A strong visual style provides a lush set that gives the Ohtori Academy a distinct identity. The academy is a majestic place, defined by its lush greenery and stark, white buildings. Roses dot the architecture, and the hallways are defined by large, arching windows. The public face displays a dignified, stately appeal. Behind the scenes, though, the world takes on a much colder, yet far more fantastic air. From the claustophobic elevator the the student council’s meeting place, to the slate-grey dueling arena with a castle that floats above, the proverbial rose of the academy shows an impressive, if terrible set of thorns.The cast displays a similar aesthetic. The characters are outwardly beautiful, with delicate features, luxurious hair, and impeccable fashion sense. The student council are clad in snappy white uniforms that are ironic, in the sense that they are anything but deserving of the purity of the color. Utena and Anthy are particularly striking, as they look as if they were ripped from the pages of a storybook. Anthy’s flowing red dress and Utena’s regal attire simply seem “right.”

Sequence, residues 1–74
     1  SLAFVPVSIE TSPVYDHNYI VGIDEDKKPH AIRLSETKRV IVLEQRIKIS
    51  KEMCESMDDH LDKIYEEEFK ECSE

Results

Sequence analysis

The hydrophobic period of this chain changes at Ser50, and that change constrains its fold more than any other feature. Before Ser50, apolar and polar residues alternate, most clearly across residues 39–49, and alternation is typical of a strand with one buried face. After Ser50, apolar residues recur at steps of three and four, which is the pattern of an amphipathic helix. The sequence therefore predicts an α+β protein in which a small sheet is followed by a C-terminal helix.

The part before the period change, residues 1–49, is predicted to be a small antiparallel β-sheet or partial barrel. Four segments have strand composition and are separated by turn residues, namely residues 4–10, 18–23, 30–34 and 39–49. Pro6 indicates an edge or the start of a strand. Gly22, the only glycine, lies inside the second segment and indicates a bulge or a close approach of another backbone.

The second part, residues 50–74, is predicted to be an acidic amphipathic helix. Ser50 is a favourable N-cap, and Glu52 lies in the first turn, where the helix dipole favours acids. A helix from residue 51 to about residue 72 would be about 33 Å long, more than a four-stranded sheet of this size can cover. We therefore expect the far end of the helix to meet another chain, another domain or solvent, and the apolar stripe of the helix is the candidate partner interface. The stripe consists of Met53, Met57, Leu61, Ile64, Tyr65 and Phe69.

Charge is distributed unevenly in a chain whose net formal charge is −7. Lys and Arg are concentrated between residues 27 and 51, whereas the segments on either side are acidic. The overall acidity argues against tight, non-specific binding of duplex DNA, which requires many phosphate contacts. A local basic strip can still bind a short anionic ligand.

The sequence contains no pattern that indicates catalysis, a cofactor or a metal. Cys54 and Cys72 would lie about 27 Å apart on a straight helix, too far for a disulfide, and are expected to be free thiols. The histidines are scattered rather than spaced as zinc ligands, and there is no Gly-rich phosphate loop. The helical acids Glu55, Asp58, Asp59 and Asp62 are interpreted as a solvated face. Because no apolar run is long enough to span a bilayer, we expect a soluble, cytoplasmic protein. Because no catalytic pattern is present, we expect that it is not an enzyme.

The experience is tied together by a soundtrack that delights and impresses on all levels. Delicate piano melodies and brassy tunes give color and liveliness to the world of the characters. Be it the sweet, yet somber Sunlit Garden, or the ominous theme of the Student Council, Utena’s melodies are memorable and a true joy to listen to. The build-up to each duel is punctuated by the catchy rock-opera Zettai Unmei, Mokushiroku, which adds an incredible tension every time Utena makes her approach up the winding staircase, toward the dueling ground. Battles are waged to rocking choral tunes, like When Where Who Which. Masami Okui’s Rondo Revolution and Luca Yumi’s Truth serve as the arc’s opening and closing, respectively.
The Student Council Arc to Utena serves as a grand opening to a potentially grand tale. All elements come together in a perfect harmony that will impress all but the most jaded viewers. The arc manages to touch hearts and stir emotions while being simply fun to watch at the same time. While there are still over twenty episodes remaining, Utens is already shaping up to become an essential addition to every enthusiast’s library.
Thanks to Nozomi for providing a review copy!